Two clown princes after my heart. What’s a citizen abroad to do?
Until I decide how to cast my (let’s face it) totally symbolic vote, I’m going to fantasize about all the names I may write in.
Week 39: Inanimate
In-animate: Me, when posed with this question. Alternatively, the options fail to animate, move or inspire.
Faith healer wants top Kadima slot [Times of Israel]
Oren Zarif claims he secured Mofaz’s victory for him through supernatural intervention
A popular psychokinetic mystic has demanded that the newly installed head of Kadima make him his right hand man, Israel National News reported.
In a letter to MK Shaul Mofaz, Oren Zarif insisted that he be made Kadima’s number two because his supernatural powers enabled Mofaz’s victory.
In need of a little background? Meet Oren Zarif.
In the last three years, give or take, I’ve gotten married, visited my husband’s home country located across the world, moved to the suburbs, got pregnant, completed the coursework for my Masters degree, gave birth to a son, grown three years older, three years wiser and three years happier.
What have you done in the last three years?
What has Gilad Shalit done?
Aww. Google Israel got all cute and created an election day logo for the search engine’s Israeli homepage:
Of course, that’s nothing like how our Israeli kalpi (polling) stations actually look; we get a blue tray of paper ballots behind a giant blue oak tag (à la 8th grade science project) and cardboard blue boxes to stick the blue envelopes in. But hey, it’s better than dangling-chads behind curtains I suppose.
The little button on the second ‘g’ reads: בחירות, which means elections in Hebrew.
Here’s the article in Haaretz (where I actually saw it first; shows how much I actually use search engines):
Google Israel marks election day with special logo
I’m sitting in my office, listening as every single person who leaves for the day calls out in the hallway:
“אל תשכח להצביע מחר”
“!ללכת לקלפי, להצביע ולהשפיע”
At lunch, I walked past a lively discussion on the strategy of voting and throughout the day have been pepper-sprayed with water cooler conversations, Tweets, Facebook statuses, and I.M. chats on the topic.
But the way I feel right now is this: if only the politicians had discussed the elections – and more importantly, their platforms – as much as we all did today. If only their passion seemed as strong as our indecision.
On one hand, I know who I don’t want in power. On the other hand, I don’t know who I do want in power. And the Israeli election is so complex: it’s not just two parties, one rep, badda bing, done. It’s more like, 30 parties. A list of reps for each one. The top of the top three who could become prime minister. Their nondescript platforms.
To vote for a small party with a specific platform, or to vote for a prime minister with a specific personality? To vote for socio-economic rights or security issues? To ignore the religious factor? To trust again or to have blind faith?
Whereas the recent American election seemed somewhat two dimensional – or maybe even three dimensional – this Israeli election is about 2348743 dimensional (and counting).
What happened to just voting for your leader?
It’s a day for democracy everywhere, isn’t it?
I know what you think I mean, but actually I’m talking about the Matte Yehuda Regional Council and Tzur Hadassah local council elections held today.
Who knew that such a little town could make such a big deal out of its leadership? Apparently Tzur Hadassah is the biggest town in the Matte Yehuda region and the constant goal is independence. All that sums up to about one thing: a whole lot of campaigning around the Tzur Hadassah block.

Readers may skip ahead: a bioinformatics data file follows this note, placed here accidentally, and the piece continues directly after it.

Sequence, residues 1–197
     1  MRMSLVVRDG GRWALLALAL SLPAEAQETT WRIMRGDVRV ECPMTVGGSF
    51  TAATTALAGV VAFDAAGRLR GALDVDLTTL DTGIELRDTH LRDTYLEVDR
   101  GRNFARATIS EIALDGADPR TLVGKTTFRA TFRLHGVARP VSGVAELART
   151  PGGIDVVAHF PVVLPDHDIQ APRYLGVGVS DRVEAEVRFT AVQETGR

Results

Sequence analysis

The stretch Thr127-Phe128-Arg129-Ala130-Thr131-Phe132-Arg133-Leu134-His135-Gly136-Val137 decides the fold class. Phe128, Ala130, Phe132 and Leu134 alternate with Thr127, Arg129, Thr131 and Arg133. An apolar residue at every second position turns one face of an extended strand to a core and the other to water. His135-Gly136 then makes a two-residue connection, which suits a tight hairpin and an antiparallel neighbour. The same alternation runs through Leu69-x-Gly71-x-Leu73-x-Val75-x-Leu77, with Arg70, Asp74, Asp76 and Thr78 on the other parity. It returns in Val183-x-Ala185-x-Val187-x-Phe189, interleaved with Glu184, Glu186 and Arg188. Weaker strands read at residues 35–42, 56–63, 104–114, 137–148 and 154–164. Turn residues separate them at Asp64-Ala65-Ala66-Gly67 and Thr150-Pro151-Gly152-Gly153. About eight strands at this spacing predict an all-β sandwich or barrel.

The elections campaigns that ran through Tzur Hadassah the past few months have been humorously intense. I’ve enjoyed all the door-to-door late-night doorbell ringing (11pm last night, folks), the personalized candies, the endless waste of printed paper, the decorative mailbox-stuffing, the half-torn outdoor posters. We read our share of mud-slinging, inaccurate polls, biased articles. All that for an area with some thousands people.
It was a cute, quaint, small-town elections experience. Fairly quick, all things considered.
And now on to bigger and more complex elections… Coming to a kalpi near you on February 10th.
Here’s something new and different: Israeli television channel ערוץ 2 and YouTube seem to have teamed up to bring us (Hebrew) coverage of the 2009 Knesset elections campaigns.
The campaigns have begun, although they’re obviously not as exciting or inspiring as the American ones this past year. Fair enough. But it is interesting that the major parties and news outlets are trying to take pages right out of the elections handbooks of the American elections culture:
- Shas is using Twitter (and from what I’ve heard, annoyingly so) and has adopted Barack Obama’s “Yes we can” slogan.
- Ehud Barak of the (dying) Labor party accepted an invitation to participate in an Eretz Nehederet skit last night.
- Bibi of Likud apparently carbon copied Obama’s website style for his own website.
- I’ve repeatedly seen plays on the phrase “Yes we can,” in headlines, blog posts and websites.
- Eretz Nehederet is, of course, having fun with all the jokes.
Not sure where Kadima is in all this. Maybe they’re feeling the heat and thinking of a controversial right-hand (wo)man pick.
Back to the new YouTube-Channel 2 page: It’s kinda cool to see all the comments and users involved this way, via the internet. Of course, everything comes to Israel after it goes through the States first, but maybe we can hope that some of the more stupid elections aspects will not follow.
However, poor candidate choice apparently always will.